Saturday, February 24, 2007

Gimme a drink, eh!

We've been using baby sign language with Elijah for about five months. We are using a method based on Auslan, so technically learning it will make us bilingual. Using baby sign language helps with language development and prevents frustration of the child, as it is easier to sign something than coordinate all of the muscles of the mouth to say it. According to our book, research has proved that a child's comprehension of language develops faster than the ability to speak the language. Unfortunately, we've not been terribly consistent with it or used as many words as we possibly could have, so the benefits have not been apparent. Until today.

At lunch time today, I realised that Elijah's frantic arm waving was his attempt at signing "drink". I had been getting it confused with his waving goodbye, since it's a similar movement, and couldn't understand why he was waving to me during meals. He's been doing this for over a week! I could see the relief on his face when I signed "drink" back to him and gave him his sipper cup of water.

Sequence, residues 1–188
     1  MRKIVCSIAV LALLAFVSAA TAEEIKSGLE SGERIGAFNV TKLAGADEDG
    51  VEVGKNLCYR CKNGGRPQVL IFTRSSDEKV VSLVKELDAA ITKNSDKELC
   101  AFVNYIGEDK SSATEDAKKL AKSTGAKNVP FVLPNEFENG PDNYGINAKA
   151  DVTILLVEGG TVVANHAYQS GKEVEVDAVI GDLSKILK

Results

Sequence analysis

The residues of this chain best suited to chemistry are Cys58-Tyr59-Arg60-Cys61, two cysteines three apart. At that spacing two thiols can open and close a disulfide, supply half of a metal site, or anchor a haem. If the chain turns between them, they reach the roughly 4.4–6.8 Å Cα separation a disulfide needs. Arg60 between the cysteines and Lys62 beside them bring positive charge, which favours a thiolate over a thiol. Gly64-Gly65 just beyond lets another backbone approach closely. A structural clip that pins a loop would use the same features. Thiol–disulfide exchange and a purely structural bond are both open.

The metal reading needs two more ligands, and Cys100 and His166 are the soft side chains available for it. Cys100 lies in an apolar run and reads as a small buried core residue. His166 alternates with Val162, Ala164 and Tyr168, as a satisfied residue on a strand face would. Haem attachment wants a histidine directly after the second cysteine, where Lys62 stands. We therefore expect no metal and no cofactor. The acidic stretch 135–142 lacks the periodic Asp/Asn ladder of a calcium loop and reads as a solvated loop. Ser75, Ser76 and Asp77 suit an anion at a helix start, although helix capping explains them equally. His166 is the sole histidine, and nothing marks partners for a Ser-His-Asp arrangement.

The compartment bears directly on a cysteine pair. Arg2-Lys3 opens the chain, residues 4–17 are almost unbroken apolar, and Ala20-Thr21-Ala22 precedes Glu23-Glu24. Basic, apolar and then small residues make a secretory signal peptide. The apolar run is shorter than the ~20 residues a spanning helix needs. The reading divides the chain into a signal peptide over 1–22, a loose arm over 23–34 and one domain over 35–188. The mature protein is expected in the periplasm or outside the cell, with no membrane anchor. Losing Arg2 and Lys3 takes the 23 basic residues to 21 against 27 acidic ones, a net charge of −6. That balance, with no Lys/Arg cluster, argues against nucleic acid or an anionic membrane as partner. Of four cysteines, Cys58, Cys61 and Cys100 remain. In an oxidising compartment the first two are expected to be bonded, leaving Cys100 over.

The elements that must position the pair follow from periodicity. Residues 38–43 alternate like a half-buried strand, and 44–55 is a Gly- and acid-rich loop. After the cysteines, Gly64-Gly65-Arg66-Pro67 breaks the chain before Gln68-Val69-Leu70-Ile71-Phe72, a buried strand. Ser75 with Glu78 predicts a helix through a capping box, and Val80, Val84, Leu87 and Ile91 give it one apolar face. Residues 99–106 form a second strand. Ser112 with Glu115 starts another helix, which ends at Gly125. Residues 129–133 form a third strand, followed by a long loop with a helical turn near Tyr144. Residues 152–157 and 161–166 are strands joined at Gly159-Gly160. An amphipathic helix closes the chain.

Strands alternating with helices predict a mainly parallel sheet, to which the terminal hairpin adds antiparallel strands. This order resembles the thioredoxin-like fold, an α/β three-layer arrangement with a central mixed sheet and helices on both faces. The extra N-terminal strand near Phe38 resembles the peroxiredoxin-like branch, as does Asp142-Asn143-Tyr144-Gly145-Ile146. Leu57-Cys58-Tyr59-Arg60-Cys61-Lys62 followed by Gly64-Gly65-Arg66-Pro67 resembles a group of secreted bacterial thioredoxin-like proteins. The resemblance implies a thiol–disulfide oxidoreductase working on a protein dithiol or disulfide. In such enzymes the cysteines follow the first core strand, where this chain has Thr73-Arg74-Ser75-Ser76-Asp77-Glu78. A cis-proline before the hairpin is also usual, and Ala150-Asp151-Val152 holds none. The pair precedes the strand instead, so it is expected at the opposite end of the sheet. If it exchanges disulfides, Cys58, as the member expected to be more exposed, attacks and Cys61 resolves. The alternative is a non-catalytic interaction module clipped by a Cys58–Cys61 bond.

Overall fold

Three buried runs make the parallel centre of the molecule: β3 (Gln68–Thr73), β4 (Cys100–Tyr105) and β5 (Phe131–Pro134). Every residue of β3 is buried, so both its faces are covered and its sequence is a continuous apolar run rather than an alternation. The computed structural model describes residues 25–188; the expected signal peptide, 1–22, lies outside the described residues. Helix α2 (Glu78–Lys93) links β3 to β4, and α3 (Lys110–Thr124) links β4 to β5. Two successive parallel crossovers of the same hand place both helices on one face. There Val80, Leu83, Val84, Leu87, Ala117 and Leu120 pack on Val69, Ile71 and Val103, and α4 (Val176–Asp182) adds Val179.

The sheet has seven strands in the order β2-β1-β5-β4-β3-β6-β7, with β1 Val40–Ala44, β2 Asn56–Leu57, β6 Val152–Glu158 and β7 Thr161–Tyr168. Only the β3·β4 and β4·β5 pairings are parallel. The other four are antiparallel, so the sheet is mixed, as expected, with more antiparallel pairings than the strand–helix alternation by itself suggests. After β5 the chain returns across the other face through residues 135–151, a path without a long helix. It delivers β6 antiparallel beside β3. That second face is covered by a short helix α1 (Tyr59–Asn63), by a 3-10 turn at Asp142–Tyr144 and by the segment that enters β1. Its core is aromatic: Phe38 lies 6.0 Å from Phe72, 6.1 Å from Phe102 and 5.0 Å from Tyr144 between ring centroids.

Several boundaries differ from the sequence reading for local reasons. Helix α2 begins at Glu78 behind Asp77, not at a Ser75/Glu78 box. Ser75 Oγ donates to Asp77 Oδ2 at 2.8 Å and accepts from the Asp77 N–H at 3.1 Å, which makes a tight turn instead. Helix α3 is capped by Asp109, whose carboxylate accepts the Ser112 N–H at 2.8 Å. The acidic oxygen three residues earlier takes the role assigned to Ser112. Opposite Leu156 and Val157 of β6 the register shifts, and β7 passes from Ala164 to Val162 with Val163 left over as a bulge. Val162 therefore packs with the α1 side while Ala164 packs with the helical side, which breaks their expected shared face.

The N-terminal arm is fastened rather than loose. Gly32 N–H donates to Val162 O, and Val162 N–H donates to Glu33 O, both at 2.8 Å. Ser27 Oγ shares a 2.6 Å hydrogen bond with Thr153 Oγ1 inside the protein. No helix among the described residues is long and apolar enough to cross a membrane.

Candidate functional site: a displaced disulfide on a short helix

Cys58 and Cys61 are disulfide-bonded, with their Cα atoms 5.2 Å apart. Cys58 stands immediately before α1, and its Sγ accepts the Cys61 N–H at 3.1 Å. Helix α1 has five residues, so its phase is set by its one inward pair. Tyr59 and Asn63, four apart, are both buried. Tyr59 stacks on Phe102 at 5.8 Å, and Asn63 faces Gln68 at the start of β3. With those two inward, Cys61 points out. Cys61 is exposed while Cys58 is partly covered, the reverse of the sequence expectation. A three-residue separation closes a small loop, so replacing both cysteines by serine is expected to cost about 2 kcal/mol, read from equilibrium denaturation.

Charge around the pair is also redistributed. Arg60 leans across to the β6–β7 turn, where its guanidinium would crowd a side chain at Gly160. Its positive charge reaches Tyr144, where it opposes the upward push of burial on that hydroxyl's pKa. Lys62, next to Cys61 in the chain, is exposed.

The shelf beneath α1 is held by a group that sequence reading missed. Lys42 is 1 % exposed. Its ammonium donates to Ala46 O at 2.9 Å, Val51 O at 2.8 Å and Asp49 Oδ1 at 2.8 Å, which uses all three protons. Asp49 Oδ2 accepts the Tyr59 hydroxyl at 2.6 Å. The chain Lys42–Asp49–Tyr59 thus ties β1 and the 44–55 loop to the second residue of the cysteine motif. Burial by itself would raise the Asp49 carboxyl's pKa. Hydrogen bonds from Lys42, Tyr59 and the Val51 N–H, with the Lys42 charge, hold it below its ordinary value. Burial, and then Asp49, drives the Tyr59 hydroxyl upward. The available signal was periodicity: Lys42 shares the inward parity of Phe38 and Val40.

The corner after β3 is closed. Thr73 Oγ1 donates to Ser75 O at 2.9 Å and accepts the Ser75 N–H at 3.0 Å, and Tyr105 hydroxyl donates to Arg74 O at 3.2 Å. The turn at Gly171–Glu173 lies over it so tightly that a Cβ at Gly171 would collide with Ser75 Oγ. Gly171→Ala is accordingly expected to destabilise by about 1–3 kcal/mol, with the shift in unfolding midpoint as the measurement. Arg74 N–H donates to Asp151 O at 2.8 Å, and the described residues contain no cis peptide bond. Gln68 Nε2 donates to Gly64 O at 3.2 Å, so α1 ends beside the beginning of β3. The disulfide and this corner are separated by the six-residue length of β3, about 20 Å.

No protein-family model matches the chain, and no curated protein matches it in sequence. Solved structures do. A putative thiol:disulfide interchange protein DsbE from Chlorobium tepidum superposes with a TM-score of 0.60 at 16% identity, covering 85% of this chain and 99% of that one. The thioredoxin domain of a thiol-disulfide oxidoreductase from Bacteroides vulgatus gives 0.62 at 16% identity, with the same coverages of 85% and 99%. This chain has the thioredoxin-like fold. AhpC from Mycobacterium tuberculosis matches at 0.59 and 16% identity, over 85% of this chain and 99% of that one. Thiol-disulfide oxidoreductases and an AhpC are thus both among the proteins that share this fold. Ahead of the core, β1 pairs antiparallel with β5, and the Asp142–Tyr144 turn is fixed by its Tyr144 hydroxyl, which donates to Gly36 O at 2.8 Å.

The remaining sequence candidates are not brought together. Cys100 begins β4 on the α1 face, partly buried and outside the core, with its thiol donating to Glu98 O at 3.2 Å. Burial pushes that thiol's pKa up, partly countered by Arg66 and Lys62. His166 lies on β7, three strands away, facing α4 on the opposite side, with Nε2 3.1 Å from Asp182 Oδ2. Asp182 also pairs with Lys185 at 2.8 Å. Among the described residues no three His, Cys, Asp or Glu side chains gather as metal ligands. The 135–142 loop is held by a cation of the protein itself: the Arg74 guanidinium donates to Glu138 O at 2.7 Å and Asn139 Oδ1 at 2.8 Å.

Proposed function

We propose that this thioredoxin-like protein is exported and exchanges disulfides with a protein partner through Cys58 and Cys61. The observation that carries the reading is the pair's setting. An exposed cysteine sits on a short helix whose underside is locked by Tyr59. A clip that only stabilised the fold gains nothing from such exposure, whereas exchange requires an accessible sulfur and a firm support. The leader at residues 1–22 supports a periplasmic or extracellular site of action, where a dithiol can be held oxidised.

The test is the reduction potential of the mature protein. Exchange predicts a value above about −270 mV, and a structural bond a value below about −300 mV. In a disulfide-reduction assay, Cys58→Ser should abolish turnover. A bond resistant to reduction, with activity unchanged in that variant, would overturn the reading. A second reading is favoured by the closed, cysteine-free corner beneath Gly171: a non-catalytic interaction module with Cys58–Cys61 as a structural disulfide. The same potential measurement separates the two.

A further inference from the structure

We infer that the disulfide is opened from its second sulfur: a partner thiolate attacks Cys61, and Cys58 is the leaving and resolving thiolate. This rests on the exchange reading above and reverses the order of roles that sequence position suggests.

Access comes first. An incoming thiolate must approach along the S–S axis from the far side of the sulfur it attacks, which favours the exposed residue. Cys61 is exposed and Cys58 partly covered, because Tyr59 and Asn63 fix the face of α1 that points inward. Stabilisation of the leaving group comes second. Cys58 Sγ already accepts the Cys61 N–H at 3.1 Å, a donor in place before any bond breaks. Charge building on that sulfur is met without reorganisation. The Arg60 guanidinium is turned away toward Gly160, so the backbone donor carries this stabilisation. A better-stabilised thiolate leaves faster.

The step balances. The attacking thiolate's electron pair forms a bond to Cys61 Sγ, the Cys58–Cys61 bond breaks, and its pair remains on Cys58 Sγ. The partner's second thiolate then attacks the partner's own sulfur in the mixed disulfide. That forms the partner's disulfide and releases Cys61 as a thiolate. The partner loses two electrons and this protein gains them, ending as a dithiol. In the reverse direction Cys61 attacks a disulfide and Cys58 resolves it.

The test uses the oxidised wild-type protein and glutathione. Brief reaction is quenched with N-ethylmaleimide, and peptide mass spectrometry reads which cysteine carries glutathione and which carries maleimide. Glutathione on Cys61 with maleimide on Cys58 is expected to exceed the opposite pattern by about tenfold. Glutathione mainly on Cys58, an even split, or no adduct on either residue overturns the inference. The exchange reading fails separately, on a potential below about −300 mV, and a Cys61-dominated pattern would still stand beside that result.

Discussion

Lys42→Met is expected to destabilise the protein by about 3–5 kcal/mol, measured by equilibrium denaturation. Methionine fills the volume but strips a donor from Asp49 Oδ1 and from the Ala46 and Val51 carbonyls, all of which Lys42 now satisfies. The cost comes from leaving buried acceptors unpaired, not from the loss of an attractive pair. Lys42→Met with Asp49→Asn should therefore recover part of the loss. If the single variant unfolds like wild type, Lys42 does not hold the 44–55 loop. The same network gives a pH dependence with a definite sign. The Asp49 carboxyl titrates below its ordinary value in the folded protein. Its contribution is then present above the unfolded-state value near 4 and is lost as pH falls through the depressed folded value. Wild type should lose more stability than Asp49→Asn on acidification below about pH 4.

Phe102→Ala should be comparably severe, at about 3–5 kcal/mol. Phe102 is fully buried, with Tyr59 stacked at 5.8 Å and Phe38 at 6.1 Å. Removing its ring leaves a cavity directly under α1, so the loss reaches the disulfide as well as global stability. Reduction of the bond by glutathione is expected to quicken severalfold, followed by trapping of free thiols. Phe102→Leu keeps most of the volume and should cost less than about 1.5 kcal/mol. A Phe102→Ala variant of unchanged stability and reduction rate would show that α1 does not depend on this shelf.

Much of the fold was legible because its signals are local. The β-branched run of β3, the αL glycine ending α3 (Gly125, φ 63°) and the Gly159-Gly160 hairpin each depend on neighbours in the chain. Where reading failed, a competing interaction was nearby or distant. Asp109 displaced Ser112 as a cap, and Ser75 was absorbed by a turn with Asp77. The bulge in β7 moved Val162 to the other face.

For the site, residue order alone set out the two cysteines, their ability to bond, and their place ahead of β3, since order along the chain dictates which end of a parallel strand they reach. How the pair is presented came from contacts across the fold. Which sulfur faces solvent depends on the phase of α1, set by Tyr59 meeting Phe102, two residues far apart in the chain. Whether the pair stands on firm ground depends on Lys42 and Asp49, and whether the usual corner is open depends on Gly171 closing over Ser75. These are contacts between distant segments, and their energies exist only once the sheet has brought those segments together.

I knew his comprehension was very good, as he's been starting to follow simple directions (when he wants to!) but now I have proof that all my signing of "eat" and "drink" at mealtimes has not been in vain. I've now got a renewed vigour for utilising the language and we will be adding more words to our repertoire.

Hopefully soon, he will be able to tell me that his nappy needs changing or that he hurts and where and the days of crying to communicate will be behind us.

3 comments:

anastasia_wolf said...

YAY! We signed with Kira too and it was great, so lovely that they are given tools other than crying to express themselves!

Quilly said...

Amazing. I've never heard of this, but why not? Families have been making up their own sign language for centuries. This gives it purpose and keeps everyone on the same page.

The Mumma said...

I love how one of the side-benefits of learning baby sign language is that we will be able to more effectively communicate with the deaf community. As a teacher, it gives me another skill I can use in the classroom.